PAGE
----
Blogging for Student Journalists

The role of blogs and other forms of social media, such as Facebook and Twitter, have never been as relevant in journalism as they are today.  They allow for instantaneous connection with millions of people over the World Wide Web. For students studying journalism and pursuing a career in this sector, a blog is a great tool to begin reporting on matters that are important and spike public interest, therefore obtaining experience in the reporting of various affairs, as well as creating a name for themselves.

The first point to be made is really how simple the creation of a blog is. It takes no more than a few short minutes, and is absolutely free. According to the March 2008 edition of the Handbook for Bloggers and Cyber-Dissidents by Reporters Without Borders, 120 000 news blogs are set up everyday. WordPress itself is available in over 120 languages, making it accessible to most individuals.

The use of Twitter is also increasingly widespread, where some politicians even have their own Twitter accounts. After hopping onto the Twitter bandwagon, the United Kingdom’s Prime Minister, David Cameron, stated, “In this modern world you have got to use every means to try and communicate your message and explain to people why you are doing it. You’ve got to get with the programme, I suppose.”

The same can be said for blogging. Journalism students, as well as journalists can interact with the news consumers, and others who share common interests. This current trend of blogging and using social media comes with the evolution of technology. As newspapers diminish, online news is becoming the dominant news source. Many individuals are embracing this change and creating accounts of their own.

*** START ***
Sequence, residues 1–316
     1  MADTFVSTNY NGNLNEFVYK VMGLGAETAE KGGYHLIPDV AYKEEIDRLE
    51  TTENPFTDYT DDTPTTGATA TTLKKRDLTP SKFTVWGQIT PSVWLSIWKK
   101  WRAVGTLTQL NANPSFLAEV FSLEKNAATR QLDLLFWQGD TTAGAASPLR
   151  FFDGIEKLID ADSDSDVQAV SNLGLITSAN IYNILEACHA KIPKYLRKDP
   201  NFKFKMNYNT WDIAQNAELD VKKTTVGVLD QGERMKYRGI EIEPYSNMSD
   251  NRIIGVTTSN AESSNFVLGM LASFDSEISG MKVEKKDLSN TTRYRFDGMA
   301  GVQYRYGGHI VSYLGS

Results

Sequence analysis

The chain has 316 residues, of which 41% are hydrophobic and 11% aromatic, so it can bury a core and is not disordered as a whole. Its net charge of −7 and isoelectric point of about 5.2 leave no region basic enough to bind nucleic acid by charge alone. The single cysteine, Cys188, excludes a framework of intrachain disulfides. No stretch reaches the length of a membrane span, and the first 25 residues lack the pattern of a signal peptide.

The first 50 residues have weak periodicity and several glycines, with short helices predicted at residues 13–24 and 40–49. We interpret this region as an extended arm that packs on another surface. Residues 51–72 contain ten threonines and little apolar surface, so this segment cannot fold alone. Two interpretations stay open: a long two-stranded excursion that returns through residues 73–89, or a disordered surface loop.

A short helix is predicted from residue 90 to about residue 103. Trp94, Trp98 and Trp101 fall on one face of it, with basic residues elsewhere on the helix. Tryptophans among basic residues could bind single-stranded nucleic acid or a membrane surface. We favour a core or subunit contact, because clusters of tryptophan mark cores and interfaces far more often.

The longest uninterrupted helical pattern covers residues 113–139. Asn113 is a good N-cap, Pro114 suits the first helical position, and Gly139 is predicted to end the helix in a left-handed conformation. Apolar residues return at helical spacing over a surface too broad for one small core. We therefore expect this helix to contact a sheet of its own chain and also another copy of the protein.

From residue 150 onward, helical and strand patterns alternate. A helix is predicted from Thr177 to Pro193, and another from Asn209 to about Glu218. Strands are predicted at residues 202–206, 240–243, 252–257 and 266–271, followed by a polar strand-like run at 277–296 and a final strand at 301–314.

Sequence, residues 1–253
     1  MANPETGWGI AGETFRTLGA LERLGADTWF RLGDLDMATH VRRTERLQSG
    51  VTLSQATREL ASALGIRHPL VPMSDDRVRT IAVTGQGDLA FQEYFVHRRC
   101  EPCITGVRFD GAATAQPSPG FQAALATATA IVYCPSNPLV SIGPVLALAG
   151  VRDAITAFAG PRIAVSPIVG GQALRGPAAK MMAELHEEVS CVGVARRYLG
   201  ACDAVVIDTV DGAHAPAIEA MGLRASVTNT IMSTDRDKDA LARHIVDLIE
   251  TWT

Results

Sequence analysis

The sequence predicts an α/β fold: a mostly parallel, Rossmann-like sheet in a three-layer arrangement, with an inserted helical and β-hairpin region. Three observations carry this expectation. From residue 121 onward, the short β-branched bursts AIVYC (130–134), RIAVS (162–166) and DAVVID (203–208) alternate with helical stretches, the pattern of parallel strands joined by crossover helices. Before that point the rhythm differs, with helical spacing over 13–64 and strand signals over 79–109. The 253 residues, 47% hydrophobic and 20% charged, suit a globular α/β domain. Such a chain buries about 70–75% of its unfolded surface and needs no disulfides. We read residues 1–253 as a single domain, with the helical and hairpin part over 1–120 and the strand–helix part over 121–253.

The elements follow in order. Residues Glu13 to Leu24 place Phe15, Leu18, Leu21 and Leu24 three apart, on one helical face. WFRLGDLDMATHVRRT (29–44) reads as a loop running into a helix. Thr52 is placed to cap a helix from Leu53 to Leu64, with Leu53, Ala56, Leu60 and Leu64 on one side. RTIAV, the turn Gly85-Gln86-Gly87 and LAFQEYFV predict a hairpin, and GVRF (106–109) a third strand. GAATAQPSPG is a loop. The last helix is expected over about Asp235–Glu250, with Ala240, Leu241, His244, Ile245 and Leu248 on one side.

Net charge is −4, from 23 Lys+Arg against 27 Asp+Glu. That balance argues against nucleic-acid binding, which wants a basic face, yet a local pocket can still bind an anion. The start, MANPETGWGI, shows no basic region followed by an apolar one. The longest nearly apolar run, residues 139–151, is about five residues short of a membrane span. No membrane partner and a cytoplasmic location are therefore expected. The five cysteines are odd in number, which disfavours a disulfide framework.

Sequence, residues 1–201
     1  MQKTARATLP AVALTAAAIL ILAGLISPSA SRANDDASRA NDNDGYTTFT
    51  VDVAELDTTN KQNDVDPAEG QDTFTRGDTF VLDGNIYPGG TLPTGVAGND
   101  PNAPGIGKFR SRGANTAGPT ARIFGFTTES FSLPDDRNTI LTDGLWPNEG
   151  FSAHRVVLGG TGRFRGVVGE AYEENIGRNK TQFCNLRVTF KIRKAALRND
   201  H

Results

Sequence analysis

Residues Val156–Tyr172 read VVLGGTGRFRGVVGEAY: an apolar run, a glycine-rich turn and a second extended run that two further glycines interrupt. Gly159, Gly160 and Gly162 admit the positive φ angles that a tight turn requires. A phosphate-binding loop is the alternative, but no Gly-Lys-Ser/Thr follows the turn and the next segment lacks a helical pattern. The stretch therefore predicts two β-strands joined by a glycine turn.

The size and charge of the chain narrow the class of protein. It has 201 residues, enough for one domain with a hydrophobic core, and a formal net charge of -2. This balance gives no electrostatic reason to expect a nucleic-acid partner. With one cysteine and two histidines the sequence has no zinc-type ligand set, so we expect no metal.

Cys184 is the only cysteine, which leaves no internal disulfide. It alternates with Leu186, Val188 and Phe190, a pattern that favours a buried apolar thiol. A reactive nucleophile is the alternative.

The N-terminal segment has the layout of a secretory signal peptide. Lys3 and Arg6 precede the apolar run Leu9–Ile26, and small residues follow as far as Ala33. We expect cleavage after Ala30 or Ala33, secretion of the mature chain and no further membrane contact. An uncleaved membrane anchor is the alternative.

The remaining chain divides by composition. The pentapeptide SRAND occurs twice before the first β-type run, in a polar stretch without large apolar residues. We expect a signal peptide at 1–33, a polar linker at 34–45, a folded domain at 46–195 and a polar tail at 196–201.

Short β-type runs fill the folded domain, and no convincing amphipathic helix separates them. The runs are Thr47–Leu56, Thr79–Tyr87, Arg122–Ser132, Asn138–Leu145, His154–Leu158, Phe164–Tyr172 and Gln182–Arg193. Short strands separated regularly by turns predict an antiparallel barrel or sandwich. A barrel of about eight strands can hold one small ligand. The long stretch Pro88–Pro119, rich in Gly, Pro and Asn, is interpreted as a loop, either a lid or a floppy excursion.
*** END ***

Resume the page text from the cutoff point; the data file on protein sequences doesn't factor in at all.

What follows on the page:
Another reason why student journalists should consider starting their own blog is the fact that it is a great way to gain experience. Currently a technology and media reporter at the Guardian, Josh Halliday, accredited blogging with helping him land a job position; “The most important thing I did at university, including my degree, was to blog and get online. That’s what got me the job.”

Blogs play an important role for journalists, however journalism students should especially consider starting their own blog in order to report on matters that mean the most to them and begin to gain recognition in the journalism community. As long as a credible reputation is upheld, a blog is an excellent way to remain in connection with the public, informing them on matters, and allowing a place for a discussion. In an article “When Journalists Blog: How It Changes What They Do,” by Paul Bradshaw, a journalist blogger stated, “My blog seems to generate arguments, which at least help me understand a story more.”

Despite debates about whether or not blogs fit into the realm of journalism, blogs are included in journalism handbooks, such as the Journalism Handbook for Students: Ethics, Law, and Good Practice at NYU. The handbook includes a section on blogs, stating that certain actions on blogs “could inadvertently undermine your credibility and ethical standing.” Of course, it is necessary to be aware that anyone has access to your blog, as nothing is private on the Internet. There is a responsibility that comes with putting your name on a blog, however, if taken seriously, the use of a blog can be nothing but positive.

Blogging may not seem like a conventional news source, however it gives journalists a great opportunity to brand themselves in the journalism community. I would encourage all you journalism students out there to create your very own blog and make great use of it! In the mean time, here’s a few you can check out. Enjoy!

 Adam Westbrook; Digital Publisher & Multi-Media Journalist.

Sean Blanda; Creative Journalist/Entrepreneur living in Brooklyn.

Craig Silverman; Montreal’s very own – Journalist, Author, Founder and Editor of Regret the Error.

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